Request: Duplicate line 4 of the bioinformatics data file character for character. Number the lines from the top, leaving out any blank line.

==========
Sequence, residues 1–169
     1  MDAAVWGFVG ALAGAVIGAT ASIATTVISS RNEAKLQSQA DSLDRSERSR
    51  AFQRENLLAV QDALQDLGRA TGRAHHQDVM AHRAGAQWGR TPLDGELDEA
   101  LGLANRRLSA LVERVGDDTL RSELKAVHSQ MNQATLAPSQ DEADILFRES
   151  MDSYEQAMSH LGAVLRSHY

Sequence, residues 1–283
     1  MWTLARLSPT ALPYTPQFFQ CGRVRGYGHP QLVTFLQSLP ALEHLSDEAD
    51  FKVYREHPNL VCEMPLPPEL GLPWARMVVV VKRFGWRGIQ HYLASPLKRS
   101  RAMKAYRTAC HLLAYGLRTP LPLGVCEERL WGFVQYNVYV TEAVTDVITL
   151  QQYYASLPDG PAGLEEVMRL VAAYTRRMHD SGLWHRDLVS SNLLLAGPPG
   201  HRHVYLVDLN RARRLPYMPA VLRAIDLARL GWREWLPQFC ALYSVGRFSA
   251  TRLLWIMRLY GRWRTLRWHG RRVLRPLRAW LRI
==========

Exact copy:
   101  LGLANRRLSA LVERVGDDTL RSELKAVHSQ MNQATLAPSQ DEADILFRES